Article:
Dear My Last Days,
For a year now I’ve seen this video pop up on my radar here and there on social media and friends blogs, but for some reason there was a part of me that never wanted to click the play button. The description of the video begins as follows: “Zach Sobiech is a 17 year old diagnosed with osteosarcoma, a rare form of bone cancer. With only months to live, Zach turned to music to say goodbye…” It’s just one of those things where I know cancer happens every day and having personally been touched by the disease, I wasn’t about to try and emotionally make myself vulnerable to someone else’s story; I was too busy with my own. To me it’s funny that although we are all separate living entities, ‘life’ is only built by the accumulated interactions we share. I’m not sure what caused me to give in and watch the 20 minute documentary today, but it’s a good thing that it happened.
It’s a symptom of being a 20 something, but recently I’ve been in a state of trying to ‘get my life together’ and ruminate on all the small issues that compile themselves into the daily stress I walk through. It’s been a time of worry and constant anxiety about how I will ‘make it’ and micromanaging my emotions to the point where I tended to turn numb to issues I would normally be very passionate about in order to avoid the headache of caring. I’m not going to say this video changed all that, but it’s beautiful portrayal of the way one person lived to truly and purely touch the lives of the people around him. It helped remind me of where my real goals are at as opposed to what the world is telling me I should be doing.
I think as a social species, it’s easier to turn to the ideas and the advice of others rather than trying to work out issues ourselves. It’s not horrible to talk to friends about whats going on, but there comes a certain point where I feel the conversation is dictated by finding some sort of answer to the issue rather than the bonding of mutual understanding and exchange of thoughts. Friends will never be me or in the exact situation I find myself in, and outside commentary can become distracting if not taken in the right mind set. It makes me feel like there is a mold I need to fit into in order to become successful in the various areas of my life, and this constriction is what causes the anxiety felt toward most situations.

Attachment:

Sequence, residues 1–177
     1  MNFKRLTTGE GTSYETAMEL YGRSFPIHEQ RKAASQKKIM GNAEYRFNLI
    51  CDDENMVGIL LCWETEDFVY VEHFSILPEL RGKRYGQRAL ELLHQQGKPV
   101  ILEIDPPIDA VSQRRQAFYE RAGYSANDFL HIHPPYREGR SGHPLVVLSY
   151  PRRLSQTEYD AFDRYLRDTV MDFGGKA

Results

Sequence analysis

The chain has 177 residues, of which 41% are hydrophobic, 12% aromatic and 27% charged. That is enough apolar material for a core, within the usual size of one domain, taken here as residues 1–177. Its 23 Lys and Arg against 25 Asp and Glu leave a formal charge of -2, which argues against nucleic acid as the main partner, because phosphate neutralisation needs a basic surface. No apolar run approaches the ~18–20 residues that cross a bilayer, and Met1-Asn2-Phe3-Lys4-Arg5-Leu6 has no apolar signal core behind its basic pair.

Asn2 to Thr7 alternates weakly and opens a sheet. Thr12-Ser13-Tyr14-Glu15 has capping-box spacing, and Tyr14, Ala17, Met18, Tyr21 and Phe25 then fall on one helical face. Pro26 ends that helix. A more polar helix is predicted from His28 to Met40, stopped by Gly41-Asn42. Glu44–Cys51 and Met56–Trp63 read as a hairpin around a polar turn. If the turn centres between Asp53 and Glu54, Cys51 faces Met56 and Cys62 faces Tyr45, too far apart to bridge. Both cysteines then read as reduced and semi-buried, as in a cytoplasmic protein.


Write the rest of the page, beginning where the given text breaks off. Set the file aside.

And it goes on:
This anxiety is the world talking at me. It’s the cold calculated general consensus of what life should be and needs to have in it in order to make me happy, and like a lot of things what the world says is a lie. There’s no formula or mold to happiness or success. When it’s all boiled down and I take a step back the words Zach says about affecting others ring true. If the people in my life are happy, it’s really all that matters to me. It also frees me from the constrictions of trying to figure out where I should be at and which people I should be spending time with. No matter what someone’s past is unto themselves or coinciding with my own, there are reasons why they are still in my life. History is history and although educational, does not dictate the future in and of itself. It’s time to stop worrying about why people are who they are or what they are to me and if they should be in my life, and just enjoy things as they happen and let people know that I love them.
When it comes down to it, all worry and anxiety can be traced back to fear of mortality. Not being able to get what we want in life, not being fulfilled before we pass, not making a mark on the world; these are really the heart of what causes us to be up at night. I thought Zach summed up these fears in such a beautifully simplistic way. He says, “Death is just another thing on the agenda kind of. Yeah it’s scary, but the only reason why it’s scary is because you don’t know what’s next, or if there is a next. It’s kind of like sitting in the dark. So you can either choose to be freaking out in the dark and thinking ‘what’s out there?’ Or you can just relax and fall asleep.”
Things will happen. People and situations will hurt us, it’s natural to feel sadness and pain. On the other side of the coin we can’t live life in the shadow of these moments waiting for the next one to happen. We can’t over analyze our issues to the point of being black and white and safe because emotion is what makes life wonderful. We are all so blessed to have stories like Zach’s to reflect on and let ourselves be vulnerable to. I highly recommend taking the 22 minutes and 20 seconds to share in his beautiful life and message. (I also highly recommend doing it at a moment when tissues are accessible. I was a teary snotty mess walking home from my run today.)
Do what makes you fulfilled, love the people who deserve it, and remember that life is a magnificent process that carries on even when we’re not there to see it.